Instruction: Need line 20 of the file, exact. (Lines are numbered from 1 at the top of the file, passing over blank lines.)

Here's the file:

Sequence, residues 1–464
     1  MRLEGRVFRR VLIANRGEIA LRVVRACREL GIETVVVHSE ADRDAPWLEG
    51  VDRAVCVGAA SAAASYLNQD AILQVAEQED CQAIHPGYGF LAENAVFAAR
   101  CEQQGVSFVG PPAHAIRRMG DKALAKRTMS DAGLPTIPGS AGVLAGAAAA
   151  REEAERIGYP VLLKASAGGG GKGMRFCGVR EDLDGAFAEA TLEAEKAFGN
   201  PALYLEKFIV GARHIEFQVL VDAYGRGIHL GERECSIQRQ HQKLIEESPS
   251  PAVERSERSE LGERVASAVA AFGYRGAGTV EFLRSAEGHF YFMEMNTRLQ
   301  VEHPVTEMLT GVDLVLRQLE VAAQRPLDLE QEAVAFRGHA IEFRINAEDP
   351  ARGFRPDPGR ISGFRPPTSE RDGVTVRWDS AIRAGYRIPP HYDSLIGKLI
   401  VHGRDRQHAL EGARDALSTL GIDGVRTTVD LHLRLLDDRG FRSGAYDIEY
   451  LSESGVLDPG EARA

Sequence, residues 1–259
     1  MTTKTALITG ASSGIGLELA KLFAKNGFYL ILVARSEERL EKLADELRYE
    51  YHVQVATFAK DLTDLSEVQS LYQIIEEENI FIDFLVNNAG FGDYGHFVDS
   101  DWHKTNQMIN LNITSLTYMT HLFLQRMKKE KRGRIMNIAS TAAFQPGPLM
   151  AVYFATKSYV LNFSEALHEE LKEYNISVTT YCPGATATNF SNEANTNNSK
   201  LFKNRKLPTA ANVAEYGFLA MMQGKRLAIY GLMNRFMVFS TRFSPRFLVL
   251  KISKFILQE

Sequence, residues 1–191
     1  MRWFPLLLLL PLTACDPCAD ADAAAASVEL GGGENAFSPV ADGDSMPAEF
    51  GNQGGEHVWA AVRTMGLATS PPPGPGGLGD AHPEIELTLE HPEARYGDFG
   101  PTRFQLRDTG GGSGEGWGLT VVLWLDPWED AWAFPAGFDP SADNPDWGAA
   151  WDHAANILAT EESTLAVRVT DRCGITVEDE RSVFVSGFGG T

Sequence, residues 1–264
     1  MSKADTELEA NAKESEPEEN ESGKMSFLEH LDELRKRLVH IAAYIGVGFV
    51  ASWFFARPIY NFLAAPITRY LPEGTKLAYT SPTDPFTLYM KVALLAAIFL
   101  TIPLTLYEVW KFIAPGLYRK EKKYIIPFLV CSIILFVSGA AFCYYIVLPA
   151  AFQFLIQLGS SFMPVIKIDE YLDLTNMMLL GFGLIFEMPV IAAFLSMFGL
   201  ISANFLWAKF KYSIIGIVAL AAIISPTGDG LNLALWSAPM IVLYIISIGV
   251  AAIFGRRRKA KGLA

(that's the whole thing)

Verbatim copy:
     1  MRWFPLLLLL PLTACDPCAD ADAAAASVEL GGGENAFSPV ADGDSMPAEF